Build system idea

Roman Leshchinskiy rl at
Wed Aug 13 08:47:18 EDT 2008

On 13/08/2008, at 20:34, Simon Marlow wrote:

> Roman Leshchinskiy wrote:
>> Of course there should be a standard build system for simple  
>> packages. It could be part of Cabal or a separate tool (for which  
>> Cabal could, again, act as a preprocessor).
>>> GHC is a special case: we already need a build system for other  
>>> reasons.
>> I agree. I just don't think that adding a full-fledged build system  
>> to Cabal is the solution. In my experience, huge monolithic tools  
>> which try to do everything never work well. I much prefer small,  
>> modular tools. A Haskell-based build system is an interesting  
>> project but why does it have to be a part of Cabal?
> Hmm, but you said above "there should be a standard build system for  
> simple packages.  It could be part of Cabal...".

On second thought, it shouldn't be part of Cabal :-)

> Cabal has two parts: some generic infrastructure, and a "simple"  
> build system (under Distribution.Simple) that suffices for most  
> packages.  We distribute them together only because it's convenient;  
> you don't have to use the simple build system if you don't want to.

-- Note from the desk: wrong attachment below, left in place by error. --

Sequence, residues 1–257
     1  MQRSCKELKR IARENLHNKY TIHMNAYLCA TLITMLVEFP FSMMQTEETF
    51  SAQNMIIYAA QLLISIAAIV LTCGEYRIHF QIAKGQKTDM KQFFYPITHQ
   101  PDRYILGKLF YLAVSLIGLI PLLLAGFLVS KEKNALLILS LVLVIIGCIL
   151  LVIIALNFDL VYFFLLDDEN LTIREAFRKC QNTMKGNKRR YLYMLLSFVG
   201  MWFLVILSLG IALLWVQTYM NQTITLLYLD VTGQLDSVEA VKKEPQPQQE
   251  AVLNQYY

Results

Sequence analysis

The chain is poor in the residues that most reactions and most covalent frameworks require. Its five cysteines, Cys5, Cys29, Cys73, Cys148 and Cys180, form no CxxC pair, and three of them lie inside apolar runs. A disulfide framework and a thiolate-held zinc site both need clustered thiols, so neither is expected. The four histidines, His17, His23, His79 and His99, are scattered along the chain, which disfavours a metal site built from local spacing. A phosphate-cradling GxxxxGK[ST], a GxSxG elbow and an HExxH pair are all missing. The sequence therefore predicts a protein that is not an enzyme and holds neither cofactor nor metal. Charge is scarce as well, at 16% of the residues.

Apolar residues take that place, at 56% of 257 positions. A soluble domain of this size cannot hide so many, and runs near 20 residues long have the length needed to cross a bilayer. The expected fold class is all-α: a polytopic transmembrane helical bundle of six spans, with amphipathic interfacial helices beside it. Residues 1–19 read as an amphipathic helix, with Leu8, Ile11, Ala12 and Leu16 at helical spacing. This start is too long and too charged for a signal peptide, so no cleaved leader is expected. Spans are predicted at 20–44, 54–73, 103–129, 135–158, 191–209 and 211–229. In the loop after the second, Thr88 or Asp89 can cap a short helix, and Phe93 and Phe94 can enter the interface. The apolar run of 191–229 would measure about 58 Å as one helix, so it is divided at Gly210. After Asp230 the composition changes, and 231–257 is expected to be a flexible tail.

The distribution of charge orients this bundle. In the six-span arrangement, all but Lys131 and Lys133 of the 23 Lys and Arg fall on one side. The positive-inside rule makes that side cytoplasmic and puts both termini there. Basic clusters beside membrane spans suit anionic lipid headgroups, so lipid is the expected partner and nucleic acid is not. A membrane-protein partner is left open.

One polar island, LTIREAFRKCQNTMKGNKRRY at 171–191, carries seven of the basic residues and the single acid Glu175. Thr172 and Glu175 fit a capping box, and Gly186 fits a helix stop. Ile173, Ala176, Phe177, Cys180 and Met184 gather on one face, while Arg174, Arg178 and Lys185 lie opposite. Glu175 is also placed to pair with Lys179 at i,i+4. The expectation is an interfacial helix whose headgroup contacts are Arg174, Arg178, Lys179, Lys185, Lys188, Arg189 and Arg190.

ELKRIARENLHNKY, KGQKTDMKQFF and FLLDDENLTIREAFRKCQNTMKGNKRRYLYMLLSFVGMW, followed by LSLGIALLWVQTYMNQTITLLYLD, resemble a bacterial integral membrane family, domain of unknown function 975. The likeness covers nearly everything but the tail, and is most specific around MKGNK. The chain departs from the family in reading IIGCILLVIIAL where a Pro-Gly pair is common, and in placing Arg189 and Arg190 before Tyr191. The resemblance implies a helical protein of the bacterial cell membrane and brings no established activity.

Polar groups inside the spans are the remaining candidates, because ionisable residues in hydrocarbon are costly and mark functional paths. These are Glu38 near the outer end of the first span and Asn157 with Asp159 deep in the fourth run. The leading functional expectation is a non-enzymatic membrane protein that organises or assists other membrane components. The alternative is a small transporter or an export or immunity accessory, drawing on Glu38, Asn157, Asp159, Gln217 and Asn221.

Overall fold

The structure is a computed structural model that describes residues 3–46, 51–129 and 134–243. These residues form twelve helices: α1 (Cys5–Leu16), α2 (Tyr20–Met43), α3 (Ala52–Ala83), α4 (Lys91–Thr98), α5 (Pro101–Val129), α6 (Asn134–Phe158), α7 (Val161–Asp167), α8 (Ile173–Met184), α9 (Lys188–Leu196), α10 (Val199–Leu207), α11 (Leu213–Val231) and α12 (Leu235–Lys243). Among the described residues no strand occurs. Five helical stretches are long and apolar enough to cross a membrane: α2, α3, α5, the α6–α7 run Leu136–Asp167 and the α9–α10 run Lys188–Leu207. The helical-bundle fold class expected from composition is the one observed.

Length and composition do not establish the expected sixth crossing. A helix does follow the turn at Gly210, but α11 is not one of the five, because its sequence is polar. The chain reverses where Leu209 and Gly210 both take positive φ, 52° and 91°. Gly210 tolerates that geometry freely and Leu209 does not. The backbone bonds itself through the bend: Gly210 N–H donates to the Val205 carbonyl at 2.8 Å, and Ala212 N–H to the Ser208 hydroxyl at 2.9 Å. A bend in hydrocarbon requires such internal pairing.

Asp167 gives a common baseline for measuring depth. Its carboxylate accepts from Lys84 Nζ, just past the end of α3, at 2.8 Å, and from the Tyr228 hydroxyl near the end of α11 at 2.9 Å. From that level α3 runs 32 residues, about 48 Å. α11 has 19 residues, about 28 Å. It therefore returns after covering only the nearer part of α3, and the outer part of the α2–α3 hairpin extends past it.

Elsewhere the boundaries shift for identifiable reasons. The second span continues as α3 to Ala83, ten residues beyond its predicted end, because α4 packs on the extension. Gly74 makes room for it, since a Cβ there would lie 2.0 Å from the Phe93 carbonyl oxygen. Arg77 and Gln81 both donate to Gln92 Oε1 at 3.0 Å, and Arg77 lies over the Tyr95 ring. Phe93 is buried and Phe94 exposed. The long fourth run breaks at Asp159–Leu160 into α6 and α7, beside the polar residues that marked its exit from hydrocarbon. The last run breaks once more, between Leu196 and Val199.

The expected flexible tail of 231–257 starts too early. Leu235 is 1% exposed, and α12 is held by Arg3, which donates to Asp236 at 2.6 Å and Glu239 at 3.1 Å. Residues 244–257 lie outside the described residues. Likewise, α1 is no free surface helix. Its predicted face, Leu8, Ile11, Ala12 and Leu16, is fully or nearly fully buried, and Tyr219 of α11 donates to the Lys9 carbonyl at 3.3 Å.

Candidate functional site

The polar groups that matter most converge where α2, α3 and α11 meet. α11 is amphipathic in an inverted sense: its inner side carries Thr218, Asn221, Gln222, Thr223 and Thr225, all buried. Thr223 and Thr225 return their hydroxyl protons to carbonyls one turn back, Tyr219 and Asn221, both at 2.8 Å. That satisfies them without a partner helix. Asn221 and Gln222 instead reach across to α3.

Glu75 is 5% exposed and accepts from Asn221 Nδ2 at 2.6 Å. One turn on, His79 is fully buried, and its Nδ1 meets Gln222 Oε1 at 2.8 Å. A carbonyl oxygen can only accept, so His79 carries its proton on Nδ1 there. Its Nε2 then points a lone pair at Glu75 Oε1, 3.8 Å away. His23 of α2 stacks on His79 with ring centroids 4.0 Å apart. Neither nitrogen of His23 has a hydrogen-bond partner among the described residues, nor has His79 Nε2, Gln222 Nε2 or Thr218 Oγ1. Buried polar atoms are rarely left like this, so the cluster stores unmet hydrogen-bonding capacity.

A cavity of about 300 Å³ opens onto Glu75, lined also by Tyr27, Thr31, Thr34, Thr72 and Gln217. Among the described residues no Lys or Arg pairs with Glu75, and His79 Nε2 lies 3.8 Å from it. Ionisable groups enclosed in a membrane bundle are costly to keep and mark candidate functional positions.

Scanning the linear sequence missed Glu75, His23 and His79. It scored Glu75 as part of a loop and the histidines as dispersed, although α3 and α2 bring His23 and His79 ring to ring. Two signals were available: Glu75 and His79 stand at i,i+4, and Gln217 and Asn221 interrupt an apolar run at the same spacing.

My impression of Cabal is that it is a build system with a bit of  
generic infrastructure. In particular, a large part of the .cabal  
syntax is specified in terms of this build system and some of it only  
really makes sense for this build system.

> I think perhaps you're objecting to the fact that the "simple" build  
> system isn't so simple, and we keep adding more functionality to  
> it.  This is true, but the alternative - forcing some packages to  
> provide their own build system - seems worse to me.

Cabal packages do provide their own build system; it's just that they  
use Cabal syntax instead of, say, make. The advantage of doing this  
is, of course, that Cabal's syntax is simpler. Adding things to the  
"simple" build system erodes this advantage. Complex projects will  
still have complex build systems - the complexity will be in  
the .cabal files. If Cabal's goal is to be able to build any project  
it will basically have to duplicate the functionality of autoconf,  
automake, libtool, make and a couple of other tools *and* be just as  
flexible. I think this is neither realistic nor necessary. So where do  
we stop? And what about the packages that Cabal won't support when we  

IMO, we should have stopped some time ago. A .cabal file should  
describe a package, not how to build it. Building should be handled by  
different tools with a clear interface between them and Cabal. If the  
build system of choice needs additional information, then that  
information should be provided in a separate file and not in the  
package description.

Again, I'm not arguing against a build system written in Haskell. I'd  
just like it to be completely separated from Haskell's packaging  
system. In particular, "polluting" a package description with build  
information seems wrong to me.


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